New England Style Clam Chowder

Maybe now I'll see if I can dig up some favorite recipes using maple syrup...

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9 comments:

  1. So much a fan of maple syrup...and I get a gallon each spring from an Amish farm about 10 minutes from my parent's "farm". The same farm (but different family member) let us watch the whole sugaring process one year awhile back, and what I loved the most was the sweet smell in the March air as we walked down a hill and through a field to their sugar shack. The ability to see that firsthand totally deepened my love for this, and when I get towards the bottom of my stash, I get downright stoogy with it!

    Some years, I'm lucky and get the deepest, darkest, nearly black amber syrup - my favorite. Some years I get middle of the road honey colored. It's all good. I must have missed that JS article, so thank you so much for posting about it! I've got to go and check it out. Wisconsin maple syrup is really something special. Take that, Vermont!

    Glad to have those soup recipes, too! We are all lucky to have the online Burp! Cookbook!

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  2. That adopt a maple tree sounds kinda neat.

    While I'm not a "pea" person I've recently been told by one of my twins that he is and his siblings concurred that they are as well. A not so subtle hint that they want peas. Your soup sounds waaay better than just opening up a can of peas. :) Now your clam chowder sounds right up my alley and I even bought some canned clams to try making some.

    Happy Friday!
    ~ingrid

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  3. You inspired me...I just adopted a tree for the kids!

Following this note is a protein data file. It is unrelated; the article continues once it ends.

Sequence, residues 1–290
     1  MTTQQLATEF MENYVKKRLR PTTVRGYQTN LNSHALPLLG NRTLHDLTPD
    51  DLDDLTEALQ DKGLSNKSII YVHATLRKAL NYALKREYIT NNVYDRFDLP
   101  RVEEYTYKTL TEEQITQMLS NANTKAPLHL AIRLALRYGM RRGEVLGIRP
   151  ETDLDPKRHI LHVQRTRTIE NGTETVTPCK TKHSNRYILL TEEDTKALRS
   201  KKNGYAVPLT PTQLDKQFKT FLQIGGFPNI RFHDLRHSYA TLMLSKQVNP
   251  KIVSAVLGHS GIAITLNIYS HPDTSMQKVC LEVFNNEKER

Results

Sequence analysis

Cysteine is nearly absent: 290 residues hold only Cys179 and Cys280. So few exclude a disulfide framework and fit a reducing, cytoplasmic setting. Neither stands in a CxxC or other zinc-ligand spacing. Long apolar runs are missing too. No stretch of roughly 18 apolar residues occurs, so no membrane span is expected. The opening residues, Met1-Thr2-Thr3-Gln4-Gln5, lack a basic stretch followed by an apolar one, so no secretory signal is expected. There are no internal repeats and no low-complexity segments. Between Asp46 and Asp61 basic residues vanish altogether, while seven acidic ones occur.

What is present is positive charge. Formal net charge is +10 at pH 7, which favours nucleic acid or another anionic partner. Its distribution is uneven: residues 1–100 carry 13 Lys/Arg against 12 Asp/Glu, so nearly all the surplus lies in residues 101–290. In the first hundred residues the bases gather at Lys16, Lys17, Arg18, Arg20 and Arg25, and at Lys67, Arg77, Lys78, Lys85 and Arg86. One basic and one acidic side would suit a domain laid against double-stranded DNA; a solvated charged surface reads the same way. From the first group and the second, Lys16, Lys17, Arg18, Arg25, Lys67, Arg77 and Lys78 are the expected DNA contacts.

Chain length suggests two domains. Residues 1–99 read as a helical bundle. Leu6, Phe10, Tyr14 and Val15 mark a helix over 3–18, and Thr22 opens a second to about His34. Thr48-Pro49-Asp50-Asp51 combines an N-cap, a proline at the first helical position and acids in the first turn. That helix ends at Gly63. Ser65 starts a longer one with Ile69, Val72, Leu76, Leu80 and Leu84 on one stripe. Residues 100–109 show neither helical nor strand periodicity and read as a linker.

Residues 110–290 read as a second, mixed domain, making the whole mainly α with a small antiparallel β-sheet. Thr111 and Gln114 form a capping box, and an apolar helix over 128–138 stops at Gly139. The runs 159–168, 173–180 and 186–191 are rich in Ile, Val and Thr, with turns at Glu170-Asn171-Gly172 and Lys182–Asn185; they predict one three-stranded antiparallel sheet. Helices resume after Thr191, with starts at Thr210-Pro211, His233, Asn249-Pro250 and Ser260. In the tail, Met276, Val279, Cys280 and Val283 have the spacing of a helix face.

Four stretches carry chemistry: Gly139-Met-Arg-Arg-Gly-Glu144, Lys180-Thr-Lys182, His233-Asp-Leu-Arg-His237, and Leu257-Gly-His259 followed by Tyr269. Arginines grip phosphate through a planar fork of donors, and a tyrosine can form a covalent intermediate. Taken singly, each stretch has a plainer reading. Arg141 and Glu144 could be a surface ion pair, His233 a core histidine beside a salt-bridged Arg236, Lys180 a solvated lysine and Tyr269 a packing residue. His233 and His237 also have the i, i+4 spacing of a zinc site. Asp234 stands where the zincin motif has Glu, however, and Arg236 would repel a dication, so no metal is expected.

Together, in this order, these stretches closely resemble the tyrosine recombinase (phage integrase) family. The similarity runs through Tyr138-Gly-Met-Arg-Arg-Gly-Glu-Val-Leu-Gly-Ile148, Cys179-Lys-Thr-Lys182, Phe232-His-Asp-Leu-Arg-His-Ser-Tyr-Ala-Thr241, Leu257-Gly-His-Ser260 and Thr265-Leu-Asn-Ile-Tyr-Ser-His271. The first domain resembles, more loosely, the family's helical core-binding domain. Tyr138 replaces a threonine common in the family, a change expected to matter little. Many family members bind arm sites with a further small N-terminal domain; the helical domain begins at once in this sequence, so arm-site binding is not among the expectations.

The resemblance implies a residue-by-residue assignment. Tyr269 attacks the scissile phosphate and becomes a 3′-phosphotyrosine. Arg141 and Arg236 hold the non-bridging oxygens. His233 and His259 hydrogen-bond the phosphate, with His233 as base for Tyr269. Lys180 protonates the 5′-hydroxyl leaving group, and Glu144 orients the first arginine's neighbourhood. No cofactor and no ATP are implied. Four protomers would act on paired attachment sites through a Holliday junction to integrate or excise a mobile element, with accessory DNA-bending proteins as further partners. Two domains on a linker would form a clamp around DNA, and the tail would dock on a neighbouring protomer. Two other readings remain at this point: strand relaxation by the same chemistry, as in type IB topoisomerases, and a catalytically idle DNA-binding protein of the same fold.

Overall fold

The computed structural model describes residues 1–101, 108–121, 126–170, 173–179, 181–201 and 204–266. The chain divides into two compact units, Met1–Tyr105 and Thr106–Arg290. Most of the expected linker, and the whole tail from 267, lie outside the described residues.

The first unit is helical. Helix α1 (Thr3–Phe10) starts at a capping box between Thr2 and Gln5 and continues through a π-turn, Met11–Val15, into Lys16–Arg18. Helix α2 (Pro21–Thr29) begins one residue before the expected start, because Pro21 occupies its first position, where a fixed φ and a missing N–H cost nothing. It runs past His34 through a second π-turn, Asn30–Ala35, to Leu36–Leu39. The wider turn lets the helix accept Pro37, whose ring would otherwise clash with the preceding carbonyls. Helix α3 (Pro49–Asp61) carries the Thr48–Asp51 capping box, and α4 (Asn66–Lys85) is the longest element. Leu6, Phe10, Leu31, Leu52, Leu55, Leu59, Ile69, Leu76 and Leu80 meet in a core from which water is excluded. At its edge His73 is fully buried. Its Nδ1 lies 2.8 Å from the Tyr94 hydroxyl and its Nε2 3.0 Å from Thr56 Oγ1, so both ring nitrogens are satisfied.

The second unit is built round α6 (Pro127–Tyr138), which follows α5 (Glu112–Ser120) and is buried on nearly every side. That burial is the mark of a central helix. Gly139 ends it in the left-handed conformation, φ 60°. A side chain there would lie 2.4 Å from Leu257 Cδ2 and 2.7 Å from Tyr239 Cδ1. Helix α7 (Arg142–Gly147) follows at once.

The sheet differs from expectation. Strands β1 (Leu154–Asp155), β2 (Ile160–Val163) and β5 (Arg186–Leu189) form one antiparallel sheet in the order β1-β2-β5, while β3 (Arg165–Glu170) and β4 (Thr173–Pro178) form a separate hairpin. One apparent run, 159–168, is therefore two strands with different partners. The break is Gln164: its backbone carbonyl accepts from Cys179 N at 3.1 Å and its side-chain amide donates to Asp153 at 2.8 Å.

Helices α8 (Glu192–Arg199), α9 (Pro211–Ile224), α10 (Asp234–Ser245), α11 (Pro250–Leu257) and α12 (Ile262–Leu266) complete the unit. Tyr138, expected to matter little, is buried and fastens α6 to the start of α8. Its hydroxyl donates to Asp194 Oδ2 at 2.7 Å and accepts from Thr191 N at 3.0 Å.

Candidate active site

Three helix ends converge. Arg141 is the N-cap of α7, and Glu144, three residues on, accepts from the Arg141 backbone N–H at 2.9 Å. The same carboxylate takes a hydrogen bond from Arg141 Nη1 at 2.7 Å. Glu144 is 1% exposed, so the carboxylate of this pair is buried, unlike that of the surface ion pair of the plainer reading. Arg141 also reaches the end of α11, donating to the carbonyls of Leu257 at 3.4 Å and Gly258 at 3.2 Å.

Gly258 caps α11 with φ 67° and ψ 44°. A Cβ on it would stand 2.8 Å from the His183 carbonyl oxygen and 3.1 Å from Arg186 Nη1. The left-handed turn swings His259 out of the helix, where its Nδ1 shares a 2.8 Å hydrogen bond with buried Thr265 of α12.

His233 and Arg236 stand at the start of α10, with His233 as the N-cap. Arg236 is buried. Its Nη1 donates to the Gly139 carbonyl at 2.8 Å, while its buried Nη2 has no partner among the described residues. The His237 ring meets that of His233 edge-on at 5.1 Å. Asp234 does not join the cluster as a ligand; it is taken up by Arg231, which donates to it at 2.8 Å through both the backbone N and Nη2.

Thanks, that felt good!

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  4. I am not a maple syrup fan at all, I don't even use it on my pancakes! Though I do appreciate the art of making it

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  5. Last year I tapped our sugar maple but did not get much sap but I was a bit late. But thanks so much for this reminder, I tapping this afternoon because the buds are starting to swell which means the sap is running!

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  6. I love maple syrup and love maple flavored anything. The maple candy from Vermont is a favorite of mine.

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  7. my husband and his love for pancakes and french toast has made me fall in love with maple syrup...and man would i love to harvest some myself!

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  8. I am from Maple Syrup Land too! Just on the other side of the country! :)

    So if you adopt a tree, do you get the syrup? YUMMMMMMM

    I am pretty much going to try to start using mostly maple syrup and maple sugar in our house...

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  9. Lo, either of those soups would be great after a few hours working in the sugar bush! At our place--not too far from Cumberland--there's no sap action yet, and the nights have been above freezing for several days. Hoping for more seasonable weather to get things flowing.

    We made our own syrup for the first time last year--good fun, and great to have a supply we can use with some abandon. But: You CANNOT IMAGINE the amount of boiling required to turn sap to syrup until you've done it!

    Cheers~ Brett